o Twelve members of a local football team in Northumbria, that the police have declined to name, have been fined £200 each for drinking together at the Wetherspoons Wouldhave pub in South Shields.
Pub staff were suspicious when the twelve men took off their jackets and were wearing the same football strip, and called the police.
o A bride is facing a £10,000 fine after police found more than 200 people attending her wedding in an Old Kent Road, London venue, and no-one making any attempt to socially distance.
o Police in Greater Manchester have halted at least six illegal weddings in recent weeks.
o The management of the Greyhound pub in Erdington, Birmingham have been fined £1,000 for allowing a wedding party of more than 60 people to continue after midnight.
o The male organiser of a christening party in Wolverhampton has been fined after police raided the event and found more than 40 guests enjoying food and drink, and live entertainment in a hired marquee. Reportedly the police were told by the organiser that he "didn't believe in" the virus.
GLOSS OFF FOREIGN TRAVEL
Domestic travel was more positive with 34% of respondents planning to go, although this was also down around a third from the figure recorded for July 3rd.
BREDBURY HALL FOR SALE
The 148 room three-star hotel in the Goyt Valley has a 16th century barn that has been converted into a nightclub, but has been closed since March 2020. Of the 93 staff, 91 have now been made redundant.
DEATH IN VENICE
Once von Aschenbach has exchanged loaded glances with Tadzio, whose eyes are sometimes augmented with blue shadow, he is smitten and spends his time watching the boy cavort in the sand and sea from his chair at his beach hut, eventually stalking him around Venice when out with his family. Tadzio's attractive and stately mother is played by the 41 year old Italian actress, Silvana Mangano in a very different role to those she had in 1951 when she was 21, as the sexy dancer turned nun in Anna, or the heroine in Bitter Rice in 1949 for which some critics wrote that the stunning 19 year old "oozed sex from every pore" In flashbacks to von Aschenbach's previous life we view his lovely young wife, played by Marisa Berensen, and Esmerelda, a very pretty prostitute he failed to cavort with at a brothel, played by the 19 year old French actress Carole Andre.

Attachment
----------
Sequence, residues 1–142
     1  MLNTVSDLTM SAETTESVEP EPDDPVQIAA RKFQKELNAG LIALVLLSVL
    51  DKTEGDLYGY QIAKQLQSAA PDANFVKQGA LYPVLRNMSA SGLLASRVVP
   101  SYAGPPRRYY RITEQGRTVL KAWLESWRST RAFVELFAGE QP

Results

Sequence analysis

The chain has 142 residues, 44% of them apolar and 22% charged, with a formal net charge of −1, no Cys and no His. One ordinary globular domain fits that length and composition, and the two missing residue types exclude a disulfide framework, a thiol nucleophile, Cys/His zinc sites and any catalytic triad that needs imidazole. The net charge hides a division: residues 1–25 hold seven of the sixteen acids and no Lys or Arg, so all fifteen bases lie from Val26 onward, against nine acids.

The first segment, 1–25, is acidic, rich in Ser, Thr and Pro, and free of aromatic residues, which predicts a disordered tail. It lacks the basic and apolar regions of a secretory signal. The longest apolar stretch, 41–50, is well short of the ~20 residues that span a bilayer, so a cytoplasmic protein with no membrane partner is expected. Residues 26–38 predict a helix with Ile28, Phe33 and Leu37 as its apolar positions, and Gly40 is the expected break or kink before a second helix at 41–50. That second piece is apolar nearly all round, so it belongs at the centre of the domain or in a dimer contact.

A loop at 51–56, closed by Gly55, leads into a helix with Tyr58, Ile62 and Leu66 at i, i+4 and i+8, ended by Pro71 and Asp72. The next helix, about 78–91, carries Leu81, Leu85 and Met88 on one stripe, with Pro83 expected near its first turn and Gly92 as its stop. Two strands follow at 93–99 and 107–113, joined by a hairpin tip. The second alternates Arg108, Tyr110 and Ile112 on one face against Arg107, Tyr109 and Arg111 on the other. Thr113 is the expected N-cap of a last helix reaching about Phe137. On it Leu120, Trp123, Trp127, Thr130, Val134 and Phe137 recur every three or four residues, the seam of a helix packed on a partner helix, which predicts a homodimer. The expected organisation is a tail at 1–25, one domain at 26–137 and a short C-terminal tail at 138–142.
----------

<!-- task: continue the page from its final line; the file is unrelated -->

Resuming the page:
Fortunately, Visconti spares us the graphic details of the deeply unpleasant effects of cholera. The disease is caused by poor sanitation, crowded living conditions and ingesting contaminated food and water, and produces extreme loss of body fluids and fatal dehydration in victims. However, von Aschenbach finds that staff at the hotel are playing the situation down, claiming that, despite public notices all over Venice warning about the disease, and the all-pervading smell of powerful disinfectant everywhere it's all malicious rumours spread by foreign newspapers to hurt the lucrative tourist industry in Venice. Finally, von Aschenbach does get an honest travel agent to level with him and he is strongly advised to leave the area and return home, which he decides to do.
Sadly, it is not to be. As he relaxes in his chair on the beach the next morning, his last, he sees Tadzio being beaten up in the sand by an older boy, and as he rises to get up and help Tadzio his heart, never his strongest organ, gives up and he slumps dead as the Adagietto playing reaches its crescendo.